eRA Symposium Set, May 10
The NIH Electronic Research Administration (eRA) welcomes NIH'ers on Friday, May 10, for a half-day symposium entitled "eRA: What's in it for me?" at the Natcher Conference Center. Designed for extramural staff, it will illustrate how eRA can help employees do their jobs, as well as demonstrate eRA's progress toward achieving NIH's vision of a fully electronic grant life cycle.
From 8:30 a.m. to 1 p.m, visitors can learn how to use new eRA products and features to improve access to information, produce customizable reports, facilitate communications and increase efficiency. Three repeating 25-minute breakout sessions enable guests to focus on cutting-edge developments including: Electronic council book and query/view/reporting; eSNAP eRA's electronic streamlined noncompeting award process; grant folder; grants closeout system; ICSTORe document management system; population tracking; and review module.
For more information and to register online, visit http://era.nih.gov/eraworkshop/index.cfm. Sign language interpreters will be provided. For other reasonable accommodation, email firstname.lastname@example.org or call 451-5954 at least 5 days in advance. The symposium will be webcast and archived at http://videocast.nih.gov/.
Nursing Day Features Videocast, May 2
The Public Health Service will hold its 11th annual Nursing Recognition Day conference on Thursday, May 2; NIH'ers may access it via videocast.nih.gov or by viewing it in Lipsett Amphitheater, Bldg. 10 between 1 and 3 p.m. The event is titled, "The Role of Nursing and Public Health During Times of War and Terrorism."
The conference will address historical and local, state, national and international public health initiatives in the war against terrorism and bioterrorism. Delivering opening remarks will be Mary Pat Couig, chief nurse of the PHS; the panel includes four other speakers. For more information, contact Edwina Smith, 443-1061.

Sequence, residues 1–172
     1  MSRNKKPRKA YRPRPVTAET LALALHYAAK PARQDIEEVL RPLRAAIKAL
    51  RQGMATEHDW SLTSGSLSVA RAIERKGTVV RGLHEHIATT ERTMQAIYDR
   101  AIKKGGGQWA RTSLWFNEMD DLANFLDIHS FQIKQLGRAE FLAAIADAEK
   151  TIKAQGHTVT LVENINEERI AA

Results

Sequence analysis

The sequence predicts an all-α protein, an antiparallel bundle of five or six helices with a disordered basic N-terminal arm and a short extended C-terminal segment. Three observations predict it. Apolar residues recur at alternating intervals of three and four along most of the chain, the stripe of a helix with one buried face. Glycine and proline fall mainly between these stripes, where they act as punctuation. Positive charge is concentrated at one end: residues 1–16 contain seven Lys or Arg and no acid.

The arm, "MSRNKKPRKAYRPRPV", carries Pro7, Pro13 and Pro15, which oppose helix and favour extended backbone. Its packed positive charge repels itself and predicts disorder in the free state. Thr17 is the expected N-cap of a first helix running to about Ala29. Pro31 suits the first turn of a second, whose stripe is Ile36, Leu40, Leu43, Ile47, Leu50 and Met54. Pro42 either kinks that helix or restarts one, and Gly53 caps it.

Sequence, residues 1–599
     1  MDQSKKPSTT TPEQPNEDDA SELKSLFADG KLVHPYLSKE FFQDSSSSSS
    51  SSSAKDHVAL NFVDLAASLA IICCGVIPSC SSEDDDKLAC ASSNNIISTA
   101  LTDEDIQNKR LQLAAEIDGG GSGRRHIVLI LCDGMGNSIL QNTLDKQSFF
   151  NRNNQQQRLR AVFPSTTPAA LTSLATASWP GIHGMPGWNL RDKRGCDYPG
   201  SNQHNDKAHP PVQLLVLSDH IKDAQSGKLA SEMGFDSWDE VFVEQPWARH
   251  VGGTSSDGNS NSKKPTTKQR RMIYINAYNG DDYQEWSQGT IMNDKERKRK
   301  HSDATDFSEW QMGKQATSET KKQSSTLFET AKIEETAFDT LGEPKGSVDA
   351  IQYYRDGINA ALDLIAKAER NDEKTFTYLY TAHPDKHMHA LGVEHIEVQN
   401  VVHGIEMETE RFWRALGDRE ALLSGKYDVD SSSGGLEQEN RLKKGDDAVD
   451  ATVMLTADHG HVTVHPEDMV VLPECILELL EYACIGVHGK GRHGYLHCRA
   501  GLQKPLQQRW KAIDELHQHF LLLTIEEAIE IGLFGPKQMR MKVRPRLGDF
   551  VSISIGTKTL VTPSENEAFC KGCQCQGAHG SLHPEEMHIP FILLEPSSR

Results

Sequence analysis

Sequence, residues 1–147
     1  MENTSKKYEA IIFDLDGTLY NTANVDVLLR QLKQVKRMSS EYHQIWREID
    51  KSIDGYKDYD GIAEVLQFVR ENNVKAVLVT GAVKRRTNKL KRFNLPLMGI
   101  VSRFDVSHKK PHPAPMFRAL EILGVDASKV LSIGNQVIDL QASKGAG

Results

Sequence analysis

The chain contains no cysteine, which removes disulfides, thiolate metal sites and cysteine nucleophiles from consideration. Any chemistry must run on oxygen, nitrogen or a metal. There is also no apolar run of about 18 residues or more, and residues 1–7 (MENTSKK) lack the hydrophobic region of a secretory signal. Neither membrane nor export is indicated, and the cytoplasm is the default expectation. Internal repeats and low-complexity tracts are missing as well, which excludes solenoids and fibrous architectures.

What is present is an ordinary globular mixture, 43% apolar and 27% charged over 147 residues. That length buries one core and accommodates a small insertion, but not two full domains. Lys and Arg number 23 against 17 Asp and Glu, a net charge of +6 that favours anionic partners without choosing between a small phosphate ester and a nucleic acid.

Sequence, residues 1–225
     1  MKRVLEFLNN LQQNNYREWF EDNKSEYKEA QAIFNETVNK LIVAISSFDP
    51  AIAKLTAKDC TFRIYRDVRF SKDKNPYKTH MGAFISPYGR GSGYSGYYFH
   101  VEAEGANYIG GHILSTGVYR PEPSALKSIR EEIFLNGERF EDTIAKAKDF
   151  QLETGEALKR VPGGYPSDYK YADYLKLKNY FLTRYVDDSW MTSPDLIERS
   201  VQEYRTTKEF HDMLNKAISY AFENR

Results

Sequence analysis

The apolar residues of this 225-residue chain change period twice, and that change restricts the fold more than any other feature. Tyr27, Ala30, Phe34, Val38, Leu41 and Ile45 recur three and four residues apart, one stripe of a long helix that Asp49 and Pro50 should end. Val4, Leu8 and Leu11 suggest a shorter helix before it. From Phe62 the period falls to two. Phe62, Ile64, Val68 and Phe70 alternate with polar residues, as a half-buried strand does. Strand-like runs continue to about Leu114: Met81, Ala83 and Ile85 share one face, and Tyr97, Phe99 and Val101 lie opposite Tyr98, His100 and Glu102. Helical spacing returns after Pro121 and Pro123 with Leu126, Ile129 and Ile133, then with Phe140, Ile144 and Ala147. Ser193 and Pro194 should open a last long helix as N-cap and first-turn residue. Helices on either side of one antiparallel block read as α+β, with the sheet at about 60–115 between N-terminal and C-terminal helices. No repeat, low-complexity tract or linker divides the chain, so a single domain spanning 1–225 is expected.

Bike To Work Day, May 3
NIH will observe Bike to Work Day on Friday, May 3. Those who cycle in that day are invited to meet in front of Bldg. 1 from 7:30 to 9:30 a.m., when orange juice, bagels and cream cheese will be served. Also available will be a Bike Routes to NIH map and route descriptions, lots of bike information, equipment checks and free minor adjustments. The NIH Bicycle Commuter Club has posted routes to NIH on its web site at http://www.recgov.org/r&w/nihbike/bike.html. More bike route descriptions, whether to campus or any off-campus building, are welcome and should be emailed to Carl Henn, Bicycle Commuter Club president, at email@example.com. People interested in supporting bicycle commuting at NIH are invited to join the club's email list; details are posted at the web site above. Bike lockers removed for security reasons following 9/11 are to be replaced, at least 100 feet from buildings, by May 3, Henn said.
National Day of Prayer, May 2
On Thursday, May 2, there will be a nondenominational prayer vigil near the front steps of Bldg. 1. Anyone desiring to pray for our nation and its leaders is encouraged to come to the ceremony from 11:30 a.m. to 12:45 p.m.
New Look for the NIH Library
The NIH Library in Bldg. 10 recently installed a new combined circulation and information desk so there is only one place to go to checkout and/or return books or ask a reference question. To find out what else is new, library tours are offered on the second and fourth Wednesdays of the month, from 2-3 p.m. Comments or suggestions for improvements in any of the library's services or the facility are always welcome. To contact the NIH Library, call 496-1080 or visit http://nihlibrary.nih.gov.
NICHD Contributes to Surgeon General's Report
Shortly before leaving office, former Surgeon General David Satcher (c) released a report seeking to improve the health of people with mental retardation. The report is based on a conference that NICHD cosponsored with other institutes, federal agencies, private groups and Satcher's office. Attendees included (from l) Loretta Claiborne, NICHD director Dr. Duane Alexander, Eunice Kennedy Shriver and Timothy Shriver, president of Special Olympics. To prepare for the national conference, Satcher held a listening session that allowed people at selected sites around the country to express their needs and hopes. He also established a special web site to solicit comments from the public. The conference identified six goals for improving the health and lives of people with mental retardation and specified steps to achieve each goal. The full text of the report is available at http://www.nichd.nih.gov/publications/pubs/closingthegap/index.htm.
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